Fiona Chandler1, Michael Rosenthal1, Ross Pitt2, Marika Seden3
1Alluvium, Townsville, Queensland
2Northern Peninsula Area Regional Council, Bamaga, Queensland
3Queensland Department of Aboriginal and Torres Strait Islander Partnerships, Cairns, Queensland
Reconciliation requires some important changes in the way we work with and consider Traditional Owners and other First Nations people. Traditional Owners are not simply ‘stakeholders’ – their connection to Land and Sea Country goes far beyond this, so when it comes to coastal management, we need a more thoughtful and inclusive process for engaging and integrating a broader set of values and aspirations into our coastal hazard adaptation planning.
While we are all on a steep learning curve, Alluvium Consulting has been working across Queensland seeking ways to improve this very dialogue and decision making process though the QCoast2100 Program. Specifically, we have been working with the Northern Peninsula Area Regional Council in Cape York and with the (then) Department of Aboriginal and Torres Strait Islander Partnerships (DATSIP) to explore how we might do just this, while respecting and building on the Minimum Standards and Guidelines associated with the QCoast2100 program.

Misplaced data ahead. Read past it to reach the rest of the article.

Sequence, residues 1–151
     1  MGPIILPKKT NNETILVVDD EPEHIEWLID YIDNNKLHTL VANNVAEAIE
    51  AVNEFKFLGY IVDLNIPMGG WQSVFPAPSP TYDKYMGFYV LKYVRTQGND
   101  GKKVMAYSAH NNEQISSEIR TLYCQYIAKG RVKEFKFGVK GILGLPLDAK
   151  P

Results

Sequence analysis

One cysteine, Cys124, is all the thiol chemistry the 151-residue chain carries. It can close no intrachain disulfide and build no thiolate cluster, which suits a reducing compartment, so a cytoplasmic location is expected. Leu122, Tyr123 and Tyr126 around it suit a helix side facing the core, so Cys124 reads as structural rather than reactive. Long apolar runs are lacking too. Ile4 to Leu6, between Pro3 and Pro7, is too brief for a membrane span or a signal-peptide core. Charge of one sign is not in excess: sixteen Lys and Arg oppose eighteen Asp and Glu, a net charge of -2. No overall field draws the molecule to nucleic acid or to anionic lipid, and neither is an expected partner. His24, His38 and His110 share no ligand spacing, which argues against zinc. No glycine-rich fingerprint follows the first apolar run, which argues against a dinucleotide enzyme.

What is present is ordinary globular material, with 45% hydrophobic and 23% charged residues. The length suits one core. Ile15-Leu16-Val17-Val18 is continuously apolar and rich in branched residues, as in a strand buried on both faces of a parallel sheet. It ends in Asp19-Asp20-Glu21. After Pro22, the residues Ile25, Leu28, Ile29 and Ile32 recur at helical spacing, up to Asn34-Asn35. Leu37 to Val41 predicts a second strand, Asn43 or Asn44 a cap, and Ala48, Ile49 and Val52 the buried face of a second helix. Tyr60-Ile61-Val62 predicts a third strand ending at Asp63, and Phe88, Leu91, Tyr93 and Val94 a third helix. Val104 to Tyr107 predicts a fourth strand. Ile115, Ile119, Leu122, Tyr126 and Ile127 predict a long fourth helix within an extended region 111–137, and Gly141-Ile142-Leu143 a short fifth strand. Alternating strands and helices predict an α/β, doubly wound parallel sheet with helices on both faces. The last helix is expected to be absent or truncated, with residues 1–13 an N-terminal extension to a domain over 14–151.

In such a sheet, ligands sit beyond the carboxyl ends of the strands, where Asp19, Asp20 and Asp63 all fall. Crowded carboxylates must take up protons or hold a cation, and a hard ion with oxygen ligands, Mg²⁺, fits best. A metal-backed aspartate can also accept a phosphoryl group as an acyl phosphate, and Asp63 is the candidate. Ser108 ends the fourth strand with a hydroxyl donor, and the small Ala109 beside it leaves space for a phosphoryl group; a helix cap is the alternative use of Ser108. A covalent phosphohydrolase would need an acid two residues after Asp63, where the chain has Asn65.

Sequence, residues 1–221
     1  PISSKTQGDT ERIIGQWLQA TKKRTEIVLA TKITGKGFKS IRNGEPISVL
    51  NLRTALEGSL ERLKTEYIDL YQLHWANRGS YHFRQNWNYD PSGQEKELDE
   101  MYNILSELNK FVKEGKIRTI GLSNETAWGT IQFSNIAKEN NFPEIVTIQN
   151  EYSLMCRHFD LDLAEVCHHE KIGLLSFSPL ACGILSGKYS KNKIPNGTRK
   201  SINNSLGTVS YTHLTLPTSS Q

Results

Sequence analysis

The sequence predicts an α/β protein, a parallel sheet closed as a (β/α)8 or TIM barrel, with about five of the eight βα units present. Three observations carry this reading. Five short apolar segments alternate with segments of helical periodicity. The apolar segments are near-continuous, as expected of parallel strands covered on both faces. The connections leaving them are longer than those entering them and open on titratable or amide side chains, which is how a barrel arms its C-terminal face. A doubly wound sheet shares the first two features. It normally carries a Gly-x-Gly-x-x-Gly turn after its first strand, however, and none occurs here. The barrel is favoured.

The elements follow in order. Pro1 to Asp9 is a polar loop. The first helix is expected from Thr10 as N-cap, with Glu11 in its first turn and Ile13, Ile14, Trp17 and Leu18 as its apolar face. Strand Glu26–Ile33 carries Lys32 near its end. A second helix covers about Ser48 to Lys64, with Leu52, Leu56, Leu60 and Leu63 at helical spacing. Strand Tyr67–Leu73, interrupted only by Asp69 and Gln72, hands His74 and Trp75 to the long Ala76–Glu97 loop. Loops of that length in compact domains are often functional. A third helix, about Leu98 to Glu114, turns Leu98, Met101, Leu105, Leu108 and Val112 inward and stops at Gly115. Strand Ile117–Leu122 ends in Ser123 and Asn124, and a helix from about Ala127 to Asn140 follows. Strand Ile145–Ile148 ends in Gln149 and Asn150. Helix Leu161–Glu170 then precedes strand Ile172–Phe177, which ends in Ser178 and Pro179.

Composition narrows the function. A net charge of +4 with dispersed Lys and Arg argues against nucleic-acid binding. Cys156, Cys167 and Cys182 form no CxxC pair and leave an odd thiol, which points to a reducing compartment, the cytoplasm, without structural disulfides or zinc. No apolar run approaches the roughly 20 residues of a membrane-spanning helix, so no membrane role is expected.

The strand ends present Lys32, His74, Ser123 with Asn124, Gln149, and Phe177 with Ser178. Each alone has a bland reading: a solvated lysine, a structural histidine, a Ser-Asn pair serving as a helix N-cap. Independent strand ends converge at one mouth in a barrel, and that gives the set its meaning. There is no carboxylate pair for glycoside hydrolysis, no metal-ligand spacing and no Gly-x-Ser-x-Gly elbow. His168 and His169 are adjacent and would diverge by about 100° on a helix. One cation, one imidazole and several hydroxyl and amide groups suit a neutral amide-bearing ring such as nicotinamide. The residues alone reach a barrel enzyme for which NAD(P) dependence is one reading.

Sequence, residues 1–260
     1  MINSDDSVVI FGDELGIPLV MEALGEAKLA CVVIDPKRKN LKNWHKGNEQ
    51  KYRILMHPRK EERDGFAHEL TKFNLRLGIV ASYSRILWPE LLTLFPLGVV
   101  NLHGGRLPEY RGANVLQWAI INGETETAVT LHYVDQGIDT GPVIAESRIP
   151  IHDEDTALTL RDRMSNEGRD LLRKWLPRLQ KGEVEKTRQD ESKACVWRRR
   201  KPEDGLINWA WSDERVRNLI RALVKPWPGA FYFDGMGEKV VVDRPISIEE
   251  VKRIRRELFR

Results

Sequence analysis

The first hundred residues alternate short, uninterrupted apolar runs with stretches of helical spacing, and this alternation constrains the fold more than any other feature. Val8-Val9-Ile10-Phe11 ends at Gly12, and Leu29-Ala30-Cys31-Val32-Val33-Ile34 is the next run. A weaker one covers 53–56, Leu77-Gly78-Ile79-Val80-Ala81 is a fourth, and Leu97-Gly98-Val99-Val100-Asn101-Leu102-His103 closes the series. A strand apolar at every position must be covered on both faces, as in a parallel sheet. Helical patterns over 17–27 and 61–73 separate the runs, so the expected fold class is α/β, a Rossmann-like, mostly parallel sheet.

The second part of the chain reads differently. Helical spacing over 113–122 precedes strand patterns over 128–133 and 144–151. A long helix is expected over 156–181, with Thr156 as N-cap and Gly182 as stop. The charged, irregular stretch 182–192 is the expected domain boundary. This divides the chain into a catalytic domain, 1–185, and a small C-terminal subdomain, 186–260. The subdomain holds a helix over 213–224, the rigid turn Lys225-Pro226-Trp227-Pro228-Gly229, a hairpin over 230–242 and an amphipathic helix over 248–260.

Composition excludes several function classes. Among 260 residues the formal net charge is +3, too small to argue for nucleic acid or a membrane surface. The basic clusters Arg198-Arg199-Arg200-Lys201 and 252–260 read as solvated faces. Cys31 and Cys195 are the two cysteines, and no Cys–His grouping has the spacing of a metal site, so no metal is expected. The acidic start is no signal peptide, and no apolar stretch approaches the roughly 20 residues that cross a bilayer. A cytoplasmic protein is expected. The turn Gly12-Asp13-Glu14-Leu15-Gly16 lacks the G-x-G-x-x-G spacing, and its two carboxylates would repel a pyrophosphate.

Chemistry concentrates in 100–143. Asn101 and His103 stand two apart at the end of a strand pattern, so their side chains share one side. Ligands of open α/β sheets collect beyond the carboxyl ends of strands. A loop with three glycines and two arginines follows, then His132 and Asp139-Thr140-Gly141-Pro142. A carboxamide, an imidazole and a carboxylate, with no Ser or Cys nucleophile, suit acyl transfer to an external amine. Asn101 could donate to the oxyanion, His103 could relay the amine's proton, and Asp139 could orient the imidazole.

This presentation will cover some of our lessons and the subtle and not-so-subtle approaches to achieving improved planning and implementation pathways through more meaningful engagement; documenting Traditional Owner and First Nations values, goals and aspirations; applying a modified risk assessment approach; and building a strong foundation for on-going collaboration and long-term implementation of adaptation.
Fiona Chandler is a Natural Resource Management specialist and Principal Consultant with Alluvium based in Townsville. She has led much of Alluvium’s stakeholder engagement activities associated with the development of Coastal Hazard Adaptation Strategies in Queensland and New South Wales.